Neomatica explains how British and Australian researchers are figuring out why HIV patients show an unusual resistance to multiple sclerosis and its symptoms. It may be that MS is caused by a virus that is either outcompeted by HIV or else vulnerable to the same anti-retroviral medication:
AIDS patients or people with HIV receiving treatment have a 60% less likely chance of receiving a diagnosis of MS. Deeper analysis found that those on a treatment regimen the longest, for 5 years or more, had an 80% reduced chance of developing MS. The discovery is remarkable for the fact that no curative or preventative treatments for MS exist and this unexpected insight may be one of the most interesting avenues.
The researchers write
“If subsequent studies demonstrate there is a causal protective effect of HIV (and/or its treatment), and if the magnitude of it proves to be similar…this would be the largest protective effect of any factor yet observed in relation to the development of MS,”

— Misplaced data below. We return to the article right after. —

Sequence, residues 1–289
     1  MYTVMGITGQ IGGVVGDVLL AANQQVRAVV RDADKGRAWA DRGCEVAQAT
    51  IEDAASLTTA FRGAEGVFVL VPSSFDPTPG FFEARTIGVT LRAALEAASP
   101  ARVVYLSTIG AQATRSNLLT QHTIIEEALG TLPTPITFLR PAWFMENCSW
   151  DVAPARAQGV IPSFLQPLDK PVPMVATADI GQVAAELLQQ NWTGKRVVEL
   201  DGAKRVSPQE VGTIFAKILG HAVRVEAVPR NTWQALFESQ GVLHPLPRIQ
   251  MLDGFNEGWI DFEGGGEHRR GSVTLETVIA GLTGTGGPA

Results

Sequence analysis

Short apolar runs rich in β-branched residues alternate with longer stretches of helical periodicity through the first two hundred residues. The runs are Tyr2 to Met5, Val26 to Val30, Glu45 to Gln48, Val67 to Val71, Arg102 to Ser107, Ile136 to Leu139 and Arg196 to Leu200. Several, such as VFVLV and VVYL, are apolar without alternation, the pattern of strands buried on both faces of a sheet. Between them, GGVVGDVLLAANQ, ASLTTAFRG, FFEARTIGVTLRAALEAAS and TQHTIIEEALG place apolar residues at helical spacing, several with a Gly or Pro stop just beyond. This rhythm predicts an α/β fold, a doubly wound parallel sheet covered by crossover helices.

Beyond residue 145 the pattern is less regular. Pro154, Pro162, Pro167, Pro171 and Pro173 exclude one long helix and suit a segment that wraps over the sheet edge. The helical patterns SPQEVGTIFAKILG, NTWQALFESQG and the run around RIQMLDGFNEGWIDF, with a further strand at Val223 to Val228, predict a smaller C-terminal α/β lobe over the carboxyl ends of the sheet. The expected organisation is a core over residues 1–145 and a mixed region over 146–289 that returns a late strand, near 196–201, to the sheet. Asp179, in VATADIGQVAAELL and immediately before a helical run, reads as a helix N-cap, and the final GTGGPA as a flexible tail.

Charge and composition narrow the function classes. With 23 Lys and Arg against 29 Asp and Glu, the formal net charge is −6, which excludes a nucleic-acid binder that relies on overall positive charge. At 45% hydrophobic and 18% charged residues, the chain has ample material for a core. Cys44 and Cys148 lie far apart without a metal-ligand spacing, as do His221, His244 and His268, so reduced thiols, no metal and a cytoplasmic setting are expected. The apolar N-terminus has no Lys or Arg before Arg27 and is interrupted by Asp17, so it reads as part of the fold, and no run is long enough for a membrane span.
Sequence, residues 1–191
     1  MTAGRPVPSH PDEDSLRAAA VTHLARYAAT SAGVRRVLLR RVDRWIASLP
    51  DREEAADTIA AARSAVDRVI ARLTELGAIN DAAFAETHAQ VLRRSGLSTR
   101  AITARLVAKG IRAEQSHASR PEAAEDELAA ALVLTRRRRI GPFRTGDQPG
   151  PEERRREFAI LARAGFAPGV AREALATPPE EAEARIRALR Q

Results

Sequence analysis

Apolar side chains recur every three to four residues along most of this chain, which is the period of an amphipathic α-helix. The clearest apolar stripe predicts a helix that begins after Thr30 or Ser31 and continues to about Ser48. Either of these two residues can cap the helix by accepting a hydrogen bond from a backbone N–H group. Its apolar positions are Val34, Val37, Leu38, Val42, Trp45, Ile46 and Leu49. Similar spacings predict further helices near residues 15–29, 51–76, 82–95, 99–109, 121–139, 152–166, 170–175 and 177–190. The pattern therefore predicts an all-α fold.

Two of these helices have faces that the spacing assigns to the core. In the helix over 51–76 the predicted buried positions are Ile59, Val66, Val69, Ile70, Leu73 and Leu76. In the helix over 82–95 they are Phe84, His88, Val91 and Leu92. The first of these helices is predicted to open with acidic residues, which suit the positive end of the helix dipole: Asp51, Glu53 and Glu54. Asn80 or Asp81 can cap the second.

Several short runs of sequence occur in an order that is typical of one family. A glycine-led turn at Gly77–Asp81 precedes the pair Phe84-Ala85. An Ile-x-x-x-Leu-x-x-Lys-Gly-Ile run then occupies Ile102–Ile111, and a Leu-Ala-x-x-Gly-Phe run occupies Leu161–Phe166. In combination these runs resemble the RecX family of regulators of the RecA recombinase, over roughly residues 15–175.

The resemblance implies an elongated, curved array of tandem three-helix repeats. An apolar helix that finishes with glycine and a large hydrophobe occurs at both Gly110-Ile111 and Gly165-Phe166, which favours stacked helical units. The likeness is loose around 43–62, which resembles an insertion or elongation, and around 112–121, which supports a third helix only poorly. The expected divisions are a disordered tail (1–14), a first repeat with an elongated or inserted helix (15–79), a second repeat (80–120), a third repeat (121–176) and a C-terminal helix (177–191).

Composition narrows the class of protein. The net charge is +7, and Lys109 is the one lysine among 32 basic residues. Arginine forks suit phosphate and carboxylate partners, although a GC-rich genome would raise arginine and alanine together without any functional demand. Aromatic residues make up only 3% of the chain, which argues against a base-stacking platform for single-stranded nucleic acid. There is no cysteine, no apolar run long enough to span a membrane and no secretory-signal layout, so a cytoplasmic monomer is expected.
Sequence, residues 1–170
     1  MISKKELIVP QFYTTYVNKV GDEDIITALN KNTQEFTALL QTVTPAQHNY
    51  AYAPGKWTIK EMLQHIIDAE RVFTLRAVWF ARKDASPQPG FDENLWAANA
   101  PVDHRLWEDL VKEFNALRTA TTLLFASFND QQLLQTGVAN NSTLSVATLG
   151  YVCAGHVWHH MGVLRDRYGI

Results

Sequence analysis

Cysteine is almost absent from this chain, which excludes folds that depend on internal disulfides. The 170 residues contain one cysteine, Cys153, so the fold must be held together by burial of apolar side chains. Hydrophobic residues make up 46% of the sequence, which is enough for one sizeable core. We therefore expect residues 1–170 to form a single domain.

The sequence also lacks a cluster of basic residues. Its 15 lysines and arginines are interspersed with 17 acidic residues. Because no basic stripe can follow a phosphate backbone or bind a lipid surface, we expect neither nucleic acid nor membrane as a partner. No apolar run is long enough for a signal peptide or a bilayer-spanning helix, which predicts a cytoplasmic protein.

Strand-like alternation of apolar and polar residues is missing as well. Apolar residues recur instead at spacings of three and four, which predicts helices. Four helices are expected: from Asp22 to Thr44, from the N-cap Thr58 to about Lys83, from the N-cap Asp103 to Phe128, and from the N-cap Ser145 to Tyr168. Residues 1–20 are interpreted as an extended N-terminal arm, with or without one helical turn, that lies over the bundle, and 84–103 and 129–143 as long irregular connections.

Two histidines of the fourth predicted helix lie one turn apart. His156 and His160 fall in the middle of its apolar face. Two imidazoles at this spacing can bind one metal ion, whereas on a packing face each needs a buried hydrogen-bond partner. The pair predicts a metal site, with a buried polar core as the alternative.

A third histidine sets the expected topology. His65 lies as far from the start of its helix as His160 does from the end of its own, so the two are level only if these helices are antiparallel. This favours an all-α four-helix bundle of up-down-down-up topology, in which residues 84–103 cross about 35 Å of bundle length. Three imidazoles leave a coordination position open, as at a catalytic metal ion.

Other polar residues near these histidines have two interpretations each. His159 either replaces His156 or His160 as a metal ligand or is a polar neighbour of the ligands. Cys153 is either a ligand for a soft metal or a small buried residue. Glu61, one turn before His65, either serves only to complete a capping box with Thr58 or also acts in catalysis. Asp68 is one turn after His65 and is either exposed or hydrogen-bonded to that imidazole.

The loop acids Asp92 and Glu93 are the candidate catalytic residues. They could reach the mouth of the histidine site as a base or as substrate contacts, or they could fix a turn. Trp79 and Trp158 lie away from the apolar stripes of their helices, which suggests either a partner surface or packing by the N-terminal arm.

The primary author of the study, Dr. Julian Gold of Prince of Wales Hospital in Australia, first observed casually that even though he treats patients with HIV and knows people with MS, he had never met a person with both. He searched through medical literature, and found 700,000 studies on HIV/AIDS and 300,000 studies on MS. Out of the approximately 1,000,000 studies, there was no reference to a patient who had both. Eventually, he did find one person whose symptoms of MS began to diminish when he began treatment for HIV.
MS is characterized by symptoms ranging from clumsiness to paralysis to depression. The symptoms are caused by the immune system attacking the central nervous system, specifically the tissue that insulates and protects the nerves. HIV strongly interferes with the immune system, as the virus takes up residence in latent pool inside immune cells. It does not seem implausible that it affects pathways employing or employed by MS, which would explain how the disease could suppress MS. So even though the etiology of MS remains unclear, antivirals used to treat HIV could also be repurposed to treat MS as well.
If it is indeed the antivirals that are suppressing MS, it could mean that treating MS is as simple as approving a few drugs for new uses, obviating lengthy safety trials. If it is the HIV that is conferring protection, treatment is more complicated as investigators would need to seek which aspects of HIV confer protection.
[I read it on reddit.]